26 September 1962 |
Northampton, England, UK
|Education||MA, English Literature|
|Alma mater||Merton College, Oxford
|Period||1987–present (as writer)|
|Genre||Novels, children's literature, poetry, screenplays, radio drama|
|Literary movement||Postmodernism Transgressive[clarification needed]|
|Notable awards||Whitbread Book of the Year
Mark Haddon (born 26 September 1962) is an English novelist, best known for The Curious Incident of the Dog in the Night-Time (2003). He won the Whitbread Award, Guardian Prize, and a Commonwealth Writers Prize for that work.
Life and work
After college, he was employed in several different occupations. One included working with people with disabilities, another included creating illustrations and cartoons for magazines and newspapers. He lived in Boston, Massachusetts, for a year with his wife until they moved back to England. Then, Mark took up painting and selling abstract art. Mark had a studio on the ground floor of his house; he thought that it looked like a primary school library on the inside. This is appropriate, however, considering that Haddon’s work is a self-proclaimed "distillation of all that was best about school".
In 1987, Haddon wrote his first children’s book, Gilbert’s Gobstopper. This was followed by many other children’s books, which were often self-illustrated.
Haddon is also known for his series of Agent Z books, one of which, Agent Z and the Penguin from Mars, was made into a 1996 Children's BBC sitcom. He also wrote the screenplay for the BBC television adaptation of Raymond Briggs's story Fungus the Bogeyman, screened on BBC1 in 2004. In 2007 he wrote the BBC television drama Coming Down the Mountain.
In 2003, Haddon won the Whitbread Book of the Year Award—in the Novels rather than Children's Books category—for The Curious Incident of the Dog in the Night-Time. He also won the Commonwealth Writers Prize in the Best First Book category, as The Curious Incident was considered his first written for adults; yet he also won the Guardian Children's Fiction Prize, a once-in-a-lifetime award judged by a panel of children's writers. The Curious Incident is written from the perspective of a 15-year-old boy with Asperger syndrome. In an interview at Powells.com, Haddon claimed that this was the first book that he wrote intentionally for an adult audience; he was surprised when his publisher suggested marketing it to both adult and child audiences (it has been a great hit with adults and children alike). His second adult novel, A Spot of Bother, was published in September 2006.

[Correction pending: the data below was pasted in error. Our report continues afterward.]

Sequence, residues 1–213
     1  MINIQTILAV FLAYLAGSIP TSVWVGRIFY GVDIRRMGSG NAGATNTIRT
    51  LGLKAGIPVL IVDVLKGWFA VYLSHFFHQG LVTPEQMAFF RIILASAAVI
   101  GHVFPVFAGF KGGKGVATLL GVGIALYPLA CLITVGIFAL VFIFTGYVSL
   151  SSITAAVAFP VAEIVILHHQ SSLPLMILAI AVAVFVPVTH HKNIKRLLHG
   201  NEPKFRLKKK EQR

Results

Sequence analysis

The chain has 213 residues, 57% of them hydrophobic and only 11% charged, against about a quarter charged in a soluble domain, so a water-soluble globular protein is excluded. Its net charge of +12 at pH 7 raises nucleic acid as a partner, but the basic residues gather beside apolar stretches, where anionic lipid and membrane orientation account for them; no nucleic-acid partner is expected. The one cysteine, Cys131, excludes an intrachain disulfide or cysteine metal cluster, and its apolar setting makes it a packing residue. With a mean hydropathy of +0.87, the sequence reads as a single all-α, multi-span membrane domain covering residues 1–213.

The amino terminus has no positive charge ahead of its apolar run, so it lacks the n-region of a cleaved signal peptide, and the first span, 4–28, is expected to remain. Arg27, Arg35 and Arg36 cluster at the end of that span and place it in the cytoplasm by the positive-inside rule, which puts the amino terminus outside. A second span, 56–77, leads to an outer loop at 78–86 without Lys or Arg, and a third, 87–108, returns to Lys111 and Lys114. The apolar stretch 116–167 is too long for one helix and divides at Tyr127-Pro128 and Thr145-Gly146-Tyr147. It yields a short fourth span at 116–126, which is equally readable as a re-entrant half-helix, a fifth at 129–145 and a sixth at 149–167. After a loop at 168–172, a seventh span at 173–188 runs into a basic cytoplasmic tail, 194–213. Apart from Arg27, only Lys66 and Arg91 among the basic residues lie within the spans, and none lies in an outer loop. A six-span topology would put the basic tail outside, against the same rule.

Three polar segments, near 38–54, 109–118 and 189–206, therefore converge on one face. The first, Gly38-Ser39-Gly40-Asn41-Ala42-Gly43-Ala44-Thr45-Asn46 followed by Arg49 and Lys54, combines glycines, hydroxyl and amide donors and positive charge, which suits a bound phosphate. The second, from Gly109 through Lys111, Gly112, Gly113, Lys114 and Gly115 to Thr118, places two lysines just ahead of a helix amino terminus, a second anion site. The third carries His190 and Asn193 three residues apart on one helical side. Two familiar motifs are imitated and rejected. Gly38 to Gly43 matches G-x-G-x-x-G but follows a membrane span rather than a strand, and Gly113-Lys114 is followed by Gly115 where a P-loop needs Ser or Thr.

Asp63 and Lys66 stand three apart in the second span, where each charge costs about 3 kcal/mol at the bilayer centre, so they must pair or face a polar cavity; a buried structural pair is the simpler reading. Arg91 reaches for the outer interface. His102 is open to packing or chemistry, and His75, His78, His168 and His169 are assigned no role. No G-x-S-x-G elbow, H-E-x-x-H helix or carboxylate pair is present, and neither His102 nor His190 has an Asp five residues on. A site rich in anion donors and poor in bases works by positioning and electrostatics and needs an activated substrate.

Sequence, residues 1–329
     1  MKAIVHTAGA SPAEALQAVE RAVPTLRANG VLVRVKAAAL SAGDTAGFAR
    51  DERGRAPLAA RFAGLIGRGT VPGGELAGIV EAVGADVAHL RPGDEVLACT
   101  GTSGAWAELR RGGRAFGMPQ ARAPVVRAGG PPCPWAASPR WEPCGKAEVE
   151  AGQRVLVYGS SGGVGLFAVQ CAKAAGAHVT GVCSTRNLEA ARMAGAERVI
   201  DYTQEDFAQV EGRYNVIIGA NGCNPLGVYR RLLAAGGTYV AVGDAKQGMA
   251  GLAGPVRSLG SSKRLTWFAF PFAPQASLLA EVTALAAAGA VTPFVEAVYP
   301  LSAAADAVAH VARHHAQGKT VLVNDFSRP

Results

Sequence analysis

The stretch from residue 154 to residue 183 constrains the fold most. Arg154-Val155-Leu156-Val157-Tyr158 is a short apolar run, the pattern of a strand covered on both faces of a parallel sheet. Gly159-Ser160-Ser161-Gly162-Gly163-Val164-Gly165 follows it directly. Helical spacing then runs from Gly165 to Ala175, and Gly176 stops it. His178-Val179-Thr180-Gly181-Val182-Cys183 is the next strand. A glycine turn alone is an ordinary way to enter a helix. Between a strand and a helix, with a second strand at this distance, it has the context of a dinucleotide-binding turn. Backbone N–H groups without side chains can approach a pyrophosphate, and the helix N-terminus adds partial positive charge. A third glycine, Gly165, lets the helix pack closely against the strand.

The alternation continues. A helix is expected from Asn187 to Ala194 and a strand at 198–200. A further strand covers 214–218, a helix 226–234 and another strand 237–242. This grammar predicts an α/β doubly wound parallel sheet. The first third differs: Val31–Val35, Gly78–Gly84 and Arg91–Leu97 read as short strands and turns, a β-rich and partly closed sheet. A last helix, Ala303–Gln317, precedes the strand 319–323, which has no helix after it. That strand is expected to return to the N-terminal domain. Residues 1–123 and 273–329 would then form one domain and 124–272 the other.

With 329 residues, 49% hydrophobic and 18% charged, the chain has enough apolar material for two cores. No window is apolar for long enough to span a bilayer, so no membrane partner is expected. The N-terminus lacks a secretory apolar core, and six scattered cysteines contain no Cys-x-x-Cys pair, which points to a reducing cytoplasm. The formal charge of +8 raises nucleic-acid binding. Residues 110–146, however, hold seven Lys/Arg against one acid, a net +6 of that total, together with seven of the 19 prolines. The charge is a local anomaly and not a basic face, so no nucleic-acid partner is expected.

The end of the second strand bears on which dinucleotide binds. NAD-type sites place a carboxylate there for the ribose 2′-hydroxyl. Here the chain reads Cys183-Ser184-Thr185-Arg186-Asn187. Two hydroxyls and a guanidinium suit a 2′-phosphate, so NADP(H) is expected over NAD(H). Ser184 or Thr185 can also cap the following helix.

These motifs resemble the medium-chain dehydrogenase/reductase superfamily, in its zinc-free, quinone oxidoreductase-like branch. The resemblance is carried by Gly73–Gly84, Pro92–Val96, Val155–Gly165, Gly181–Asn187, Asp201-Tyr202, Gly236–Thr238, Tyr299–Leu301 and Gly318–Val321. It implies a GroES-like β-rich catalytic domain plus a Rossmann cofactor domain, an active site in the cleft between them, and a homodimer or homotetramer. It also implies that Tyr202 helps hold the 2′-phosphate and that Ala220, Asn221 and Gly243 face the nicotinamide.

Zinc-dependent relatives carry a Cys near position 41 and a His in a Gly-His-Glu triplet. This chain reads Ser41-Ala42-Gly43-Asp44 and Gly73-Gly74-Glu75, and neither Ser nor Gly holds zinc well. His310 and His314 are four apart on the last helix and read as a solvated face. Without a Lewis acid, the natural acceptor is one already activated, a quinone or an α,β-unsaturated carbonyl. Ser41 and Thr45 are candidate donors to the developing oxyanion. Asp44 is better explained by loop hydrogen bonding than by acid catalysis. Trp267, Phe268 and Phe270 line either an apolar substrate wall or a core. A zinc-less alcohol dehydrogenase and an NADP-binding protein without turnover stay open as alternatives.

- Gilbert's Gobstopper (1987)
- Toni and the Tomato Soup (1988)
- A Narrow Escape for Princess Sharon (1989)
- Agent Z Meets the Masked Crusader (1993)
- Titch Johnson, Almost World Champion (1993)
- Agent Z Goes Wild (1994)
- At Home
- At Playgroup
- In the Garden
- On Holiday
- Gridzbi Spudvetch! (1992)
- The Real Porky Phillips (1994)
- Agent Z and the Penguin from Mars (1995)
- The Sea of Tranquility (1996)
- Secret Agent Handbook
- Agent Z and the Killer Bananas (2001)
- Ocean Star Express (2001)
- The Ice Bear's Cave (2002)
- Boom! (An improved version of Gridsbi Spudvetch) (2009)
- The Curious Incident of the Dog in the Night-Time (2003)
- A Spot of Bother (2006)
- The Red House (2012)
- "The curiously irresistible literary debut of Mark Haddon '", Powells.com. Retrieved 31 Aug 2011.
- The Guardian Children's Fiction Prize 2003 (top page). guardian.co.uk. Retrieved 20 May 2013.
- 'Inside a curious mind', Times Online. Retrieved 11 May 2008.
- 'B is for bestseller', The Observer. Retrieved 11 May 2008.
- Official website
- Mark Haddon at British Council: Literature
- Mark Haddon at the Internet Movie Database
- Mark Haddon discussed the rituals and processes that guides his work.
- The Curious Incident of the Dog in the Night-time (official)
- A Spot of Bother (official)
- Interview: Coming Down the Mountain
- Haddon, Mark. "Writers' rooms: Mark Haddon", Guardian.co.uk. Guardian News and Media Limited, 29 June 2007. accessed 31 May 2011.
- Freeman, Hadley. "Novelist Mark Haddon talks to Hadley Freeman", Guardian.co.uk. Guardian News and Media Limited, 29 May 2006. accessed 31 May 2011.